December 4, 2020 – February 21, 2021
Artist Talk: February 5, 2021, 5:30 p.m.
Sayaka Ganz uses mostly common household items to create animal forms with a sense of movement and self-awareness. Plastics are the most common materials used because of the variety of curvilinear forms and colors available. She manipulates and assembles them together as if they are brush strokes to create an effect similar to a Van Gogh painting in three dimensions. Ganz also works in scrap metal and makes vivid drawings. Her sculpture pieces can have a range of positioning as if coming out from the wall or placed on the floor or hanging from the ceiling. To begin sculptures, she does research on the subject to focus on and develop ideas to use for her design. She has been interested in animals since childhood. She creates an armature to support the pieces she adds one by one, which can be time consuming. Some exhibitors have displayed her works incorporating colored LED lighting or painted background designs which enhance her works.
Ganz earned a Bachelor of Fine Arts degree at Indiana University Bloomington and a Master of Fine Arts degree in sculpture from Bowling Green State University (BGSU) in Bowling Green, Ohio.
I grew up with Shinto animist belief that all things in the world have spirits. Thus, when I see discarded items on the street or thrift store shelves, I feel a deep sadness for them and I am moved to make these abandoned objects happy. My sympathy goes out equally to all discarded objects regardless of materials, but my current working material of choice is plastic. I use mostly common household items to create animal forms with a sense of movement and self-awareness. I use plastics because of the variety of curvilinear forms and colors available. I manipulate and assemble them together as brush strokes to create an effect similar to a Van Gogh painting in three dimensions.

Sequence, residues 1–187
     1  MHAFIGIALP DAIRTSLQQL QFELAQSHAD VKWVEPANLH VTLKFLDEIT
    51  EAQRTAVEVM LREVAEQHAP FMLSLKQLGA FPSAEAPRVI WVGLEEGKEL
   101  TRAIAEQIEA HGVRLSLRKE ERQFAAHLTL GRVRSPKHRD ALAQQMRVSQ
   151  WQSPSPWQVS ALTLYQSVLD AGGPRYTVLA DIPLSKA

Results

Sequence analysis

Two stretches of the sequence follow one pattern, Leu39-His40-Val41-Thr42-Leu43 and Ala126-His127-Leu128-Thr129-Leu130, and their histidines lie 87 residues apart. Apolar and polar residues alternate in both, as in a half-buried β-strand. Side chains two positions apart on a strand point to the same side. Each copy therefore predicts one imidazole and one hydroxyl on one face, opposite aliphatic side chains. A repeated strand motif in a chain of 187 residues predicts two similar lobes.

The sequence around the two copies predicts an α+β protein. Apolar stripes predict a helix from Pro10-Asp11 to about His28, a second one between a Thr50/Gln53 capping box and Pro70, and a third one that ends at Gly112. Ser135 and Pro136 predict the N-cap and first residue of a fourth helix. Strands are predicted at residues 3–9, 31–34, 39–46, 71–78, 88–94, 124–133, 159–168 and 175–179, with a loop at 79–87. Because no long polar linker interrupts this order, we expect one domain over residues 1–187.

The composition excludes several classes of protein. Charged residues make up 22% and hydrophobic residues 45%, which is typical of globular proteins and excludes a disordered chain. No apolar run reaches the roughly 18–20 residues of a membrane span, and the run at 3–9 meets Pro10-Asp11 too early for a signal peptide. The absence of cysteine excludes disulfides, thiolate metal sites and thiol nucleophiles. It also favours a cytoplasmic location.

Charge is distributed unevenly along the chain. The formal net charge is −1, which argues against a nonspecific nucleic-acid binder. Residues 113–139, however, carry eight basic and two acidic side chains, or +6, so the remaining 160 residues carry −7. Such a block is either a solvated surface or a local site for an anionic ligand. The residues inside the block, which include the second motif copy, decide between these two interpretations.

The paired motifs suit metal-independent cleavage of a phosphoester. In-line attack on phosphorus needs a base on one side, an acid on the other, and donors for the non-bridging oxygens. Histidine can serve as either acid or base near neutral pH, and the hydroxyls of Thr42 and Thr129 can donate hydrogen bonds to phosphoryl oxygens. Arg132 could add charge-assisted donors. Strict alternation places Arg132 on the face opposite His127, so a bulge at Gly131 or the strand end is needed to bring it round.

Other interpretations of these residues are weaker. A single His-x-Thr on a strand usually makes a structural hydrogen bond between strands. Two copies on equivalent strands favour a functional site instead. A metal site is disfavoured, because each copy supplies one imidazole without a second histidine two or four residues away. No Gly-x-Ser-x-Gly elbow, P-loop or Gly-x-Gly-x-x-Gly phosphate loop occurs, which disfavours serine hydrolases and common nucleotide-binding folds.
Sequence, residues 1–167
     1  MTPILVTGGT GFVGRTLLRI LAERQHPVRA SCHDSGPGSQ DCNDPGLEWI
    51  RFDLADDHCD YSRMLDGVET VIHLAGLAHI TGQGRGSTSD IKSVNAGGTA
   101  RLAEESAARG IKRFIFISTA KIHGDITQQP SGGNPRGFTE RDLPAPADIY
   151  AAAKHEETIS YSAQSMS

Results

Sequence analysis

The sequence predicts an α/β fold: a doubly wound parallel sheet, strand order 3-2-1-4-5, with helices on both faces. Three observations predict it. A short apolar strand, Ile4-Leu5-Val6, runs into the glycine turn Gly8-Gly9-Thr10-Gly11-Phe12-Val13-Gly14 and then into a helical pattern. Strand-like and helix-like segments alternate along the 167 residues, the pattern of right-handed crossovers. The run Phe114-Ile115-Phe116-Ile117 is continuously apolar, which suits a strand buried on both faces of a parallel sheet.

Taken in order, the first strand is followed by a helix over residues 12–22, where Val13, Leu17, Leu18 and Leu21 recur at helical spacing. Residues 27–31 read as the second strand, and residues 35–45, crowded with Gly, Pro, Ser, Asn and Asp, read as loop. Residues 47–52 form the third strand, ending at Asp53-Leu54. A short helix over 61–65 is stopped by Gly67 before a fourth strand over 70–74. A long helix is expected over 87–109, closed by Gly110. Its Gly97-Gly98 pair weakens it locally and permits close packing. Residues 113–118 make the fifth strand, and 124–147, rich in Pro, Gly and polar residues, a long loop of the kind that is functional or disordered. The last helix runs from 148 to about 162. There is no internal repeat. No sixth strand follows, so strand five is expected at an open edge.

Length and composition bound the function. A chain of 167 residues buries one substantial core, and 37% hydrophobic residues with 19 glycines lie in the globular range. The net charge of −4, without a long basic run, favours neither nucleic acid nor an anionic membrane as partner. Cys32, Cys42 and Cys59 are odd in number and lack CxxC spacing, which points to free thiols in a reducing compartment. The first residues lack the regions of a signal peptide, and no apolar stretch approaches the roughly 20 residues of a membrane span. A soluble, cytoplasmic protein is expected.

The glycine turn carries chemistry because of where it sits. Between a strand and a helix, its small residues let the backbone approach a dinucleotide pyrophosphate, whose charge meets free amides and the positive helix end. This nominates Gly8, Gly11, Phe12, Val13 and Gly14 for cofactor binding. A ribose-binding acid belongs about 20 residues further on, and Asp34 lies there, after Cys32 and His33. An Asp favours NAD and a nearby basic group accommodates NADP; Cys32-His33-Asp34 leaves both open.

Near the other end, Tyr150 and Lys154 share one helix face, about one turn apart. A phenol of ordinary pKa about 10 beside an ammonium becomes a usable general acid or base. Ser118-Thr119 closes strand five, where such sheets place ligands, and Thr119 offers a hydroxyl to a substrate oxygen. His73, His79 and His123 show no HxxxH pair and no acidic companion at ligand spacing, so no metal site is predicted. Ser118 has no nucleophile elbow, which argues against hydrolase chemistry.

One of the important tasks for artists of our time is to bring more of the natural world back into people’s lives, especially in urban areas. When we encounter the true wonders of nature, the beauty we behold transcends our intellects and reaches directly to our hearts. I desire a similar response from viewers of my work; to provoke a re-examination of our relationship to the natural world.
My work is also about perceiving harmony, even in situations that appear chaotic from the inside. When observing my sculptures up close, one might see gaps, holes and items being held on only by small points; step away, however, and the sculptures reveal the harmony created when the objects are aligned to the same general (but not identical) direction. Similarly, it is important to gain perspective by stepping back from current problems and look at the larger picture. Then one can perceive the beauty and patterns that exist. I tend to be very analytical about problems, but when I look too hard and closely at the details, all I see are gaps and differences of opinions. When I step back, I can see that although we may approach the problem from different angles, we often have larger goals in common.
I believe it is very difficult to think far into the future in terms of our ecological footprint. So often our predictions are wrong, and there are no guarantees for anyone’s future. I do not want to condemn the use of plastic or our desire for a more convenient, easier life. However, we must be aware that convenience has hidden costs.
I believe the best way for artists to help reduce waste is to show how beautiful these materials can be, and what can be done with these mundane objects and materials. When we think of these things as beautiful, we value them.